North Sea Offshore 2019 – Seizing the opportunities of energy transition
The fact that clean and sustainable energy is of paramount importance for the survival of the planet is no longer up for discussion. The Dutch government has entered into an Energy Agreement with the major players in the energy sector, stating that by 2050, all Dutch energy must be green. Not only is this transition very costly, the possibilities on land are limited. Let’s face it, not many people want a wind turbine in their back yard, and placing them all over the countryside would not exactly enhance the scenery. So we turn to the North Sea, which offers a wide array of opportunities to achieve both the Dutch Energy Agreement goals and the 2015 Paris Agreement to fight climate change. The fifth edition of North Sea Offshore (NSO) in Den Helder, on 6 June, offered the perfect setting for various experts from the energy sector to discuss the theme of ‘the offshore of tomorrow’ and to outline how opportunities in the North Sea should be seized in the context of the energy transition.
Area development with operational safety as an essential precondition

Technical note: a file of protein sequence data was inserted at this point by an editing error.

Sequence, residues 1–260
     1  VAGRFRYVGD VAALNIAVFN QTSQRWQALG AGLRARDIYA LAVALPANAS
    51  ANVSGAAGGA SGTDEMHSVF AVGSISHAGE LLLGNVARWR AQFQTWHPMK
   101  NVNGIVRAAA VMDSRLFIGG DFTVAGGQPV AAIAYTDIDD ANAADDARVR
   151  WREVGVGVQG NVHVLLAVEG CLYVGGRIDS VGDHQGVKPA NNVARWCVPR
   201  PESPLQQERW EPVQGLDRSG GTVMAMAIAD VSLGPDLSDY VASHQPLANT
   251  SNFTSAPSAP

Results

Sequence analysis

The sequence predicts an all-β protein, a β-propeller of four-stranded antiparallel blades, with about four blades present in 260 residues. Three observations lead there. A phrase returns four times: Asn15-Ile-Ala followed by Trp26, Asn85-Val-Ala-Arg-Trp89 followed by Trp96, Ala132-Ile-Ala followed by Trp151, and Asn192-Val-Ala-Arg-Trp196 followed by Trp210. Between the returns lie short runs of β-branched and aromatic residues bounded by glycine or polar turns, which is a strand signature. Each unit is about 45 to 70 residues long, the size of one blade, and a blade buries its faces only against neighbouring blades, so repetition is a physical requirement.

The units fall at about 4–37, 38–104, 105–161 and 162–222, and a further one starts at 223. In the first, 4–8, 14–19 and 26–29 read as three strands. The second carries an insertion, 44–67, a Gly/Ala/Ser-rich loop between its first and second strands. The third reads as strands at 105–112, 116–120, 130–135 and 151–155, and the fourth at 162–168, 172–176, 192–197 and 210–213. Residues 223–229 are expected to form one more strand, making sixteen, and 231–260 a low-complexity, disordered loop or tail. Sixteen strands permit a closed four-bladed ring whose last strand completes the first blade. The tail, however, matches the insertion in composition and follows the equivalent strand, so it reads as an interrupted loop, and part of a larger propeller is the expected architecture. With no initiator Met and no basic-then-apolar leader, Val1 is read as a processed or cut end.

During the annual NSO event for the offshore industry, multiple speakers shared their insights. Lex de Groot from Neptune Energy stated that offshore natural gas production offers the Netherlands numerous advantages over imported gas, such as a smaller CO2 footprint, strengthening our energy independence and maintaining employment. This view was largely shared by Richard Brakenhoff from Rabobank, who claimed that even though the playing field is changing, it still remains financially interesting to invest in the production of gas in the North Sea.
Maarten van IJcken, Commercial Manager of NAM Offshore, showed how the current offshore infrastructure can be reused for CCS and hydrogen. Bram du Saar from the Ministry of Infrastructure and Water Management, and Sjaco Pas from the Coast Guard discussed new blue energy sources and their synergy with, and impact on wind farms, spatial planning and other nautical users in the North Sea. According to Du Saar, it is all about thinking more in terms of area development with operational safety as an essential precondition.
Keeping costs at bay to protect end users
It is safe to conclude that there are indeed countless opportunities to be seized. However, the fact remains that all of them are associated with vast expense, and the competition is killing. The main goal is to reduce the costs as much as possible, while maintaining safety remains the top priority. Offshore Boarding is a pioneer in the field of innovative solutions to help achieve this goal. Not only do our products significantly reduce project costs – while keeping operational safety the number one priority –, they also ensure sustainability because they are powered by solar panels.